* Give us a little background—how did you come to be a teen / tween librarian?
I've always been a reader and library goer, but never thought about becoming a librarian. Then one day after college, I was in a job I didn't enjoy and trying to figure out what I wanted to do and I came across a site from the American Library Association called "So You Want to be a Librarian?" I thought "yes I do!" and when I moved to Springfield, looked for a job at the library.
* Describe a typical day at the library—if there is such a thing! What's your favorite (or the most rewarding) aspect of the job?
No day is typical-you never know what the day will bring!:) But I spend my day assisting patrons of all ages, helping with homework, finding books to read, and generally answering any reference question that's thrown my way. When I'm working off desk in the YA area, I'm working on planning programs then running programs, reading up on what books are being released, making an order wishlist and submitting it to our collection development team, updating the teen blog, updating the teen facebook, organizing the YA department, writing up booklists and booktalks, and meeting and talking to the teens that are there that day.
* You come across as a lifelong book junkie (like myself)! What are the main differences between teen bookaholics today and teen boookaholics when (I hate to use this phrase) we were that age?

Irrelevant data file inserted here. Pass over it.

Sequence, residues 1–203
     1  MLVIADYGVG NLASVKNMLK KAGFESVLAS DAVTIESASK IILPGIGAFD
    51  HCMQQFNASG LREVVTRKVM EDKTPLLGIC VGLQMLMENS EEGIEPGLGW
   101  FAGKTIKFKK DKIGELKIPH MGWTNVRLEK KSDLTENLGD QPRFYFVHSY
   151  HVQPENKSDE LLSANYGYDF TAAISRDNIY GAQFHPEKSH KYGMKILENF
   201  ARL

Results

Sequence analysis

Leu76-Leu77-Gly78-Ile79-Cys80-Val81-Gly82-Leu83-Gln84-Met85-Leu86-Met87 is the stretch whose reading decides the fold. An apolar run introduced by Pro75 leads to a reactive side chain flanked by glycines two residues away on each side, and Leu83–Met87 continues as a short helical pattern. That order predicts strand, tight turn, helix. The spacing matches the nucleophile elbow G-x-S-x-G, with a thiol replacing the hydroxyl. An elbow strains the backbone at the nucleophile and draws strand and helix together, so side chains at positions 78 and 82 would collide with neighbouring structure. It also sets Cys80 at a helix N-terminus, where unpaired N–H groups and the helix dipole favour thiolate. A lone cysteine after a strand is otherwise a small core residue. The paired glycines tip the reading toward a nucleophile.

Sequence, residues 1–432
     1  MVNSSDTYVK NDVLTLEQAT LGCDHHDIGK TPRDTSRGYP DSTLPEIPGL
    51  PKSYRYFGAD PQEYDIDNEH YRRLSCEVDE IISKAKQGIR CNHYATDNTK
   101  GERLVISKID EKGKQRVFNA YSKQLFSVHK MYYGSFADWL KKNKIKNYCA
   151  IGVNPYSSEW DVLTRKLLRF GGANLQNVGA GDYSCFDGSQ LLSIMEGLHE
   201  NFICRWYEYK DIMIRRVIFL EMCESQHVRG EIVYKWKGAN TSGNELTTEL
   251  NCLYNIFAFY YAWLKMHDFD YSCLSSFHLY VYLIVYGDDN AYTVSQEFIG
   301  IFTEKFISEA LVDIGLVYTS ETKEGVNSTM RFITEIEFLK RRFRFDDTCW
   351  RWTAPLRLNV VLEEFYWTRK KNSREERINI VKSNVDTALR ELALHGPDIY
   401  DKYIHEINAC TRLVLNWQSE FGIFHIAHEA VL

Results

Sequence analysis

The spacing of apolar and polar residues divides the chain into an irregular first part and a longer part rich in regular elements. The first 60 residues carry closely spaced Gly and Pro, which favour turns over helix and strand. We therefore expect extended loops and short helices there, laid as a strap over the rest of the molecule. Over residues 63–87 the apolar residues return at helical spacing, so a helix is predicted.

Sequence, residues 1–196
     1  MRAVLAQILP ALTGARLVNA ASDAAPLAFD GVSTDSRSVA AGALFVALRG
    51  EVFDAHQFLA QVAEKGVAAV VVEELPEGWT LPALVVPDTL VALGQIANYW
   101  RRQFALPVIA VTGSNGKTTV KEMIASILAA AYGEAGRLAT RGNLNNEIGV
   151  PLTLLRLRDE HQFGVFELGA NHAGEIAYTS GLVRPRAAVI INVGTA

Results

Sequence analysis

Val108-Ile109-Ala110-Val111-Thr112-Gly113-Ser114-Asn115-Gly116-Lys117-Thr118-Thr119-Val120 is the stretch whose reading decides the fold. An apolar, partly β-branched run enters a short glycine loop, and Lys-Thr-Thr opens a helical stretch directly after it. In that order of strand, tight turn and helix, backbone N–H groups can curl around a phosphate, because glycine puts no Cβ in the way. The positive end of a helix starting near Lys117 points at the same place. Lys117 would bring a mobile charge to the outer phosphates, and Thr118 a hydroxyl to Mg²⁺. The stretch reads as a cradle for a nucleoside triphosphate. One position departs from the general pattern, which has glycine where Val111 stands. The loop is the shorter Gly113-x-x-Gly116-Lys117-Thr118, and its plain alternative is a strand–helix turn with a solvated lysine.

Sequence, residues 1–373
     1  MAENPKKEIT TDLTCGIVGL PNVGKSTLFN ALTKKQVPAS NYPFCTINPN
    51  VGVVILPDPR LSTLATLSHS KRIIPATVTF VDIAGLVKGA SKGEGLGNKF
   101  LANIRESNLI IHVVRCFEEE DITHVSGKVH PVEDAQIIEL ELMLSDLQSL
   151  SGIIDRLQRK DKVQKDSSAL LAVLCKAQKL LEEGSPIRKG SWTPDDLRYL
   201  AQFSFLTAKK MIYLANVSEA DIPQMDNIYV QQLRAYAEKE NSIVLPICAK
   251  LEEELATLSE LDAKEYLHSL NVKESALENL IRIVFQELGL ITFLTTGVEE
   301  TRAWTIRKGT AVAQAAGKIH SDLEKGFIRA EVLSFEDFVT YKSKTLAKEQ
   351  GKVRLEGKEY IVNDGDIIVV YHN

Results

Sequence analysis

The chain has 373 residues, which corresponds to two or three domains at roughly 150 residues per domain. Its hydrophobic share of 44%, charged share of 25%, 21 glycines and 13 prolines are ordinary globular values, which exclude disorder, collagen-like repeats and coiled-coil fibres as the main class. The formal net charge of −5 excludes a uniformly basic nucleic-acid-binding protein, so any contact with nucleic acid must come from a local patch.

I think the biggest difference is the amount of materials they have targeted just for teens. And libraries have become more aware of how important services to teens are and changing. When I was a teen, we had one shelf that was the "teen shelf" at the library-now there's an entire department dedicated to YA. It's a growing genre and there are so many more books to choose from now. More authors are realizing how fun it is to write for teens and more publishers are realizing what a great market it is.
* What are the biggest challenges you face as a teen librarian?
* What timeless themes do you find consistently requested by readers?
* How do teen readers react to slightly older books? (When I was in junior high, I gobbled Christopher Pike. But now, I look at books like Chain Letter, which is about teens receiving threats in the snail-mail, and I wonder if it doesn't just seem archaic to tech-savvy young adults.)
It really depends on the cover. I have some older books on the shelves that teens will snub, even though it's a great book-the cover is just awful. Publishers are smart though, and they know we often are drawn to a cover first-so they've been re-releasing older books with new titles and covers. And when they've got the updated covers, the teens will check them out. Some books will get an update in the text too and update the language, technology. But I think as long as it's a great story and draws them in, it doesn't matter about the age.
*What type of book do teens seem to be gravitating toward right now? Tweens? What's the attraction?
* How does blogging influence you / help your job?
I read a lot anyway, but with my blog, I can have ready reviews to booktalk to my teens-which is great and very helpful when I have school visits. It also helps when I draw a blank on what I've been reading! I've also noticed that I analyze books more-I think about what it is I like about them, what I think my teens will like about them, who I can give it to, etc. I still read for fun, but there's always a layer of reviewing going through my head.
* What's been the biggest surprise since you became a teen librarian?
Thanks to Sarah—and to all the tireless librarians who spread the love of literature! You can find Sarah’s incredible book blog at GreenBeanTeenQueen, and you can check out the latest for area teens at the Springfield-Greene County Library District’s TeenThing page.